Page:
If there’s one thing Game Of Thrones viewers have complained about during season 7 — well, not the only thing, but one of them — it’s how quickly travel is being done. For no episode was that criticism more prevalent than it was for episode 6, “Beyond The Wall,” where it was loudly decried that Gendry’s run back to Eastwatch, the raven’s flight to Dragonstone, and Dany’s arrival beyond the Wall was impossible in what seemed like a short amount of time.
For his part, director Alan Taylor knew that “timing was getting a little hazy,” but the production team worked the natural environment into the storytelling as an explanation of sorts.
“We tried to hedge it a little bit with the eternal twilight up there north of The Wall,” Taylor told Variety in a recent interview. “I think there was some effort to fudge the timeline a little bit by not declaring exactly how long we were there.”
The scenes north of the Wall also were meant to carry some emotional heft, Taylor said, underscoring the fear and uncertainty felt by Jon and his fellow travelers at being trapped in the middle of a frozen lake and surrounded by an army of the dead.
“In terms of the emotional experience, [they] sort of spent one dark night on the island in terms of storytelling moments,” Taylor said.
Overall, the timeline “worked for some people, for other people it didn’t,” but Taylor did point out that for the people who were very concerned about how fast a raven can fly, “there’s a thing called plausible impossibilities.”
“[That’s] which is what you try to achieve, rather than impossible plausibilities. So I think we were straining plausibility a little bit, but I hope the story’s momentum carries over some of that stuff,” Taylor said.
“It’s cool that the show is so important to so many people that it’s being scrutinized so thoroughly,” he added.
“Beyond The Wall” also racheted up the tension between Arya and Sansa, but what struck Taylor the most about filming the episode and the scenes between them was how much Maisie Williams and Sophie Turner have changed over the series’ run.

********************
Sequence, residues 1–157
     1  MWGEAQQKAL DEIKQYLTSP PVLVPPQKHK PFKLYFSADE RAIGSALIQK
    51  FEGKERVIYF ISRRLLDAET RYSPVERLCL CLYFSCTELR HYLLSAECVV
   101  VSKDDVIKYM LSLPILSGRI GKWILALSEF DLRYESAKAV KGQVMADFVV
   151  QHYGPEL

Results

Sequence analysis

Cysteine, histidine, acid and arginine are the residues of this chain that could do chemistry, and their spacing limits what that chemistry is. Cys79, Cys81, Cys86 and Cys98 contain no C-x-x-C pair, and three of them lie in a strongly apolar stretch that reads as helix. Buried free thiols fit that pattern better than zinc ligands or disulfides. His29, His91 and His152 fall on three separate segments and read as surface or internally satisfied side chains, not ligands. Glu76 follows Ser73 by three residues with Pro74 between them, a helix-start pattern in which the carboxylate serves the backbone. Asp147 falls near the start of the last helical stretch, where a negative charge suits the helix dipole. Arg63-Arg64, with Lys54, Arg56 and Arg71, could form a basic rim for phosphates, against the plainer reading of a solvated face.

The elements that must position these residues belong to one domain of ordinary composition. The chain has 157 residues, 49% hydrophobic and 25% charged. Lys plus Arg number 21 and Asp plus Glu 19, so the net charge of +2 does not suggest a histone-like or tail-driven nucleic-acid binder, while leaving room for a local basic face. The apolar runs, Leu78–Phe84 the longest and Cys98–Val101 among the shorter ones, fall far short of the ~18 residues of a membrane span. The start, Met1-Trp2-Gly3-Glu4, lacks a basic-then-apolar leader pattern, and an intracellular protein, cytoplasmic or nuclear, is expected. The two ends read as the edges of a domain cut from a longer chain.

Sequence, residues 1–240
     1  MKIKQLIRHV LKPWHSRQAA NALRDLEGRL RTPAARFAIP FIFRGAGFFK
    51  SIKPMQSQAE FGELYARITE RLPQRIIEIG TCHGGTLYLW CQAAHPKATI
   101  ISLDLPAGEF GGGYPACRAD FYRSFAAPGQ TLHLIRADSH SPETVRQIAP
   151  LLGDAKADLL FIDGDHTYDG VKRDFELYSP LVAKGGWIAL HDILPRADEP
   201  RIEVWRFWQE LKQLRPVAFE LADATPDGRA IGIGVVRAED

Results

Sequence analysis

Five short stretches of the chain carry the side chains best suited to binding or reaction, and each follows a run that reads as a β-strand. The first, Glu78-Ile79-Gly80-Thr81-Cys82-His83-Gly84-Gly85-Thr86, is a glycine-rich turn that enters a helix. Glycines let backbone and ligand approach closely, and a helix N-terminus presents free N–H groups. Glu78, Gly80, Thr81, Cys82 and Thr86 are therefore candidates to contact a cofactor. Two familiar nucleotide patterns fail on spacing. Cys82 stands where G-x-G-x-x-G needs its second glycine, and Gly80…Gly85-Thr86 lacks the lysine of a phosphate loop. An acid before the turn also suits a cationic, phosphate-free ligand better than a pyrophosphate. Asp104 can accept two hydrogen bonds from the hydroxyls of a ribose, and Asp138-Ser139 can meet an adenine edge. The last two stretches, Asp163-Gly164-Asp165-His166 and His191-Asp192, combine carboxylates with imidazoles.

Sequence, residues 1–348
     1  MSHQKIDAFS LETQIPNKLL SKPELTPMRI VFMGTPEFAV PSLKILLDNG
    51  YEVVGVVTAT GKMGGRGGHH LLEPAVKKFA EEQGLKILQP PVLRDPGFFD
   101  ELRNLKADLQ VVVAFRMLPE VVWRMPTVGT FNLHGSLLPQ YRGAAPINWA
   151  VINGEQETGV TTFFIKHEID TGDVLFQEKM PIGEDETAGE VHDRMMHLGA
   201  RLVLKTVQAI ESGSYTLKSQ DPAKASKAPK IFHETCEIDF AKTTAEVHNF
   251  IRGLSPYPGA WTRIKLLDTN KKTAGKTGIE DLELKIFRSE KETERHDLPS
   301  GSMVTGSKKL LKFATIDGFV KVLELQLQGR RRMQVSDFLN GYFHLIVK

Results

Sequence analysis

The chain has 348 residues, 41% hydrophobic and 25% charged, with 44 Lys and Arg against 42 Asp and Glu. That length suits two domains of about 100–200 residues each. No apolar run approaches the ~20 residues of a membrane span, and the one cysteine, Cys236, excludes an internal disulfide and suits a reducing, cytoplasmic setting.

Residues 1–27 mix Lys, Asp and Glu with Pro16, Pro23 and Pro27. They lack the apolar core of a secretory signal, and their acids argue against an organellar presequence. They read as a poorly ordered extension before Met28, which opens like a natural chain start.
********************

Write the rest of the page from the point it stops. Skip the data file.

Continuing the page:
“I was there in Season 1 and 2 when they were kids,” he said. “They were great at doing what they were doing, but they’ve evolved so much as actresses as well as characters. We’re pushing into deeper and darker things, and they’ve really grown to be able to do that.”
However, Williams and Turner are close friends in real life, “so when you say ‘Cut,’ they start laughing and dancing and listening to music on their phones,” Taylor said.
Since he was clarifying timeline issues, Taylor also took the opportunity to address a fan theory that exploded across the internet after “Beyond The Wall: that the eyes on Jon’s Longclaw sword changed color or “opened” when Jon was hauling himself out of the frozen lake.
“That is so funny, somebody else mentioned that to me and I haven’t got a clue what they’re talking about,” he said in an interview with Insider. “I can say that there was no intention for that to be the case.”
Interviewer Kim Renfro suggested that Longclaw was slightly frosted over, and when Jon emerged from the lake, it was splashed with water and washed away the frost, and Taylor seemed to agree.
“I think that’s a very good theory and I’m gonna go with that one until I look at it more closely and see if I can figure out what’s going on,” he said. “But I spoke to somebody earlier and he was convinced it was a really loaded symbolic moment of Longclaw.”
Taylor also touched on his work in earlier seasons of Thrones — he was directing episodes as far back as season 1 — and how what seemed to be small character arcs at the time have grown into massive, series-defining stories. Especially, he noted, two characters in particular.
“Well, every once in awhile you get a glimpse of the scale [George R.R. Martin] was working at,” Taylor said. “So it’s true — all of the characters have such big arcs and he’s got them so mapped out in his head that the story is functioning moment to moment but also in these grand story gestures over several seasons, and that’s what makes it so rich.”
Taylor added that during shooting episode 10 of season 1, he and Martin were talking about the series and Martin “mentioned in passing, ‘Oh well it’s all about Dany and Jon Snow’ and at the time I thought, ‘Really? I thought it was about Sean Bean and Robb Stark?’ But he knew from the very beginning where he was driving and now we’re starting to see that come to fruition. We know that it’s circling tighter and tighter on Dany and Jon and their partnership is starting to form, you know, ‘fire and ice.’ ”